The Joint Committee on the Implementation of the Good Friday Agreement, chaired by Deputy Fergus O'Dowd TD, has called on the UK Government to withdraw the Northern Ireland Troubles (Legacy and Reconciliation) Bill.

The Committee said in a statement today, June 26, that the Bill would end inquests, Police Ombudsman investigations, civil cases, and police investigations into crimes committed as part of the Troubles.

In doing so, the Legacy Bill would remove vital avenues to the truth for the countless families in Northern Ireland who are grappling with the painful legacy of the Troubles. 

Today our GFA Joint Committee has called on the UK Government to withdraw the Northern Ireland Troubles (Legacy and Reconciliation) Bill #Legacybill #GFA

— Fergus O'Dowd (@Fergusodowd) June 26, 2023

Speaking on behalf of the Committee, Deputy O'Dowd said: "Since the Bill was first announced, the Committee has met with many victims and their families.

"We have witnessed their anguish at the prospect of losing vital opportunities to find out the truth of what happened to their loved ones and hold perpetrators to account. This Bill risks traumatising these victims once more.

"The Bill flies in the face of the spirit of the Good Friday Agreement. It is considered unacceptable by every political party in Ireland and Northern Ireland.

"It has also been criticised by the overwhelming majority of victims’ representative organisations, by civil society, church leaders, the UN High Commissioner for Human Rights and the Council of Europe, as well as Westminster’s Joint Committee on Human Rights.

"The Committee emphasises that the Bill is a unilateral move away from the 2014 Stormont House Agreement in which parties in Northern Ireland, together with the British and Irish governments, decided on mechanisms to better assist these families, and to pursue justice. That agreement was endorsed again by both governments, in the 2015 Fresh Start and the 2020 New Decade, New Approach deals.

"The Committee has sought to communicate its grave concerns at this proposal throughout the legislative process. While we welcome engagement with the Committee by Lord Caine and others, we are disappointed that our concerns and those of victims have not been addressed. 

"The Committee calls on the British Government to withdraw the Legacy Bill. If the Bill is enacted, the Committee will ask the Irish Government to consider interstate litigation in the European Court of Human Rights. This course of action would demonstrate tangible support and solidarity with victims' campaigners by sparing them the costly and arduous task of bringing individual cases to challenge the Bill.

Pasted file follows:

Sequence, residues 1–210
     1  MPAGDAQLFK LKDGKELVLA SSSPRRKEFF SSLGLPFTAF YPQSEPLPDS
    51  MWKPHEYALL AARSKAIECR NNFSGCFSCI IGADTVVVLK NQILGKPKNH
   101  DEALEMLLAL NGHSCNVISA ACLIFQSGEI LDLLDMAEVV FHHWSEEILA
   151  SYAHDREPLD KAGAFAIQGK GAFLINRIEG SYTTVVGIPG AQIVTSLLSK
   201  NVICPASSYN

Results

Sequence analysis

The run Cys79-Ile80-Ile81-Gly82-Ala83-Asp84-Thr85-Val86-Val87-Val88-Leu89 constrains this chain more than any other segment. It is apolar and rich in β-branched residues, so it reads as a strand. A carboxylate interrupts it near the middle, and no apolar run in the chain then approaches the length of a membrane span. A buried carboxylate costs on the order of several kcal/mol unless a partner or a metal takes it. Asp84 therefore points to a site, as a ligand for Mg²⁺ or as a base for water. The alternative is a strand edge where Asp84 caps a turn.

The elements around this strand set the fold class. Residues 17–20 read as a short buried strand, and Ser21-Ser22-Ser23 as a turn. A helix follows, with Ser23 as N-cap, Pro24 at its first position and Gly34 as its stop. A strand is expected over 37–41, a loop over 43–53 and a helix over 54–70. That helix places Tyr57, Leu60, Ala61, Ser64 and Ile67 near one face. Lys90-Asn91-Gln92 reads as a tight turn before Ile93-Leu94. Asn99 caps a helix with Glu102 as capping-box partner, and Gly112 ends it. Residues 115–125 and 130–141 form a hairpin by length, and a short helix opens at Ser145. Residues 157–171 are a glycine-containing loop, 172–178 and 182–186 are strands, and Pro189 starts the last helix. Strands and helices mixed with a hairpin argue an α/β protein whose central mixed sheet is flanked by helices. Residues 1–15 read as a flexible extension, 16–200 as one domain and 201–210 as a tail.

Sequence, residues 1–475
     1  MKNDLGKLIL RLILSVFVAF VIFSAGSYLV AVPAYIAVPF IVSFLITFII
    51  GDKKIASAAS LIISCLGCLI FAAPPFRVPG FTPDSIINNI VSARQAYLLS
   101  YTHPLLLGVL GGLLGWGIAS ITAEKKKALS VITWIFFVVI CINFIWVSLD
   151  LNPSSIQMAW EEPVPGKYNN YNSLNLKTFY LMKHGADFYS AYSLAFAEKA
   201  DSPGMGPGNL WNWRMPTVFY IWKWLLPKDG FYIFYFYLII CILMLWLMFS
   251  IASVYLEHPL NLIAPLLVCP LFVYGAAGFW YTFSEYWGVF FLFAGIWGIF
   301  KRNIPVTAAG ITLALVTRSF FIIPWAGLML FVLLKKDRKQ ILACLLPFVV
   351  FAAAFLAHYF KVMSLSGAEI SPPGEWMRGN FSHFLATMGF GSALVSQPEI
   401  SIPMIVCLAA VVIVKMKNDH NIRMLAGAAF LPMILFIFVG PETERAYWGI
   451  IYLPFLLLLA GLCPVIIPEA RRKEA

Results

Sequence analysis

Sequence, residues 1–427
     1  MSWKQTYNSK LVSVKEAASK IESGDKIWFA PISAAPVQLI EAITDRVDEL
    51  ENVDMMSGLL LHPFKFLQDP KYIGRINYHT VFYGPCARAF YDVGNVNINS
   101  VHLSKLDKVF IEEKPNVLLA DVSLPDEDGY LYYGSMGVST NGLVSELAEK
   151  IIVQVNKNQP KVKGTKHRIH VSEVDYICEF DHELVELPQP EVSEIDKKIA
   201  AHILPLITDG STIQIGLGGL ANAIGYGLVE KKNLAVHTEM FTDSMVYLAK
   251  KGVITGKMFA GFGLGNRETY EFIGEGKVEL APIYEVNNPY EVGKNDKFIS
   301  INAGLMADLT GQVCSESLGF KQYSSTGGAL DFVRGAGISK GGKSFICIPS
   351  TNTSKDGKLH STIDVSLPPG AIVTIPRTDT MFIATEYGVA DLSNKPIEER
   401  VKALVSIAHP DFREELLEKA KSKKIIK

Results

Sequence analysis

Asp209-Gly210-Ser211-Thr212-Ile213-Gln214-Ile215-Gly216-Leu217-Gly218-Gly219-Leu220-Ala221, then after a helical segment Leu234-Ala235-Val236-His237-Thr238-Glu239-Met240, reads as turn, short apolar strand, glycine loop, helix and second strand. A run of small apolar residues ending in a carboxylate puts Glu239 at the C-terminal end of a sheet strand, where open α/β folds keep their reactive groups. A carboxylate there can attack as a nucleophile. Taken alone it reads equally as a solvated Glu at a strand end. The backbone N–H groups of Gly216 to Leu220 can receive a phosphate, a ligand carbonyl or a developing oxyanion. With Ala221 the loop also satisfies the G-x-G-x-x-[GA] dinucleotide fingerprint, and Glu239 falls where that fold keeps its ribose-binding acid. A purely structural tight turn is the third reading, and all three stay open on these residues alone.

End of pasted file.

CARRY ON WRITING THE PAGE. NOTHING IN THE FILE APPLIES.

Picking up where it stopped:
"This year we celebrated the 25th anniversary of the Good Friday Agreement. The Agreement was an extraordinary achievement of the UK and Irish Governments. The result of the Agreement – peace in Northern Ireland – was painstakingly achieved and must be protected. The work of reconciliation remains incomplete and could be undermined by the proposals in this Bill.

"The Committee calls on the UK Government to engage with the Irish Government in a spirit of partnership to find a way forward. The Governments must work together urgently to strengthen reconciliation in Northern Ireland and fulfill their shared obligations as co-guarantors of the Good Friday Agreement."

The non-profit group Relatives for Justice said on Monday that it "warmly welcomes" the statement from the Committee:

RFJ warmly welcomes this considered statement from this all-party and influential Joint Oireachtas group.
It builds on genuine dialogue and engagement

— Relatives 4 Justice #NeverGivingUp (@RelsForJustice) June 26, 2023

Meanwhile, the majority of the UK public is opposed to the bill, according to the results of an Amnesty International UK poll published last week.

The Bill has also received considerable pushback from US groups, including Congress members, the Ad Hoc Committee to Protect the Good Friday Agreement, and the Ancient Order of Hibernians.

On Monday, the UK House of Lords supported two amendments to the Bill - one calling for the removal of the Bill's immunity provision, and another seeking to ensure a minimum standard for case reviews by the Independent Commission for Reconciliation and Information Recovery (ICRIR.)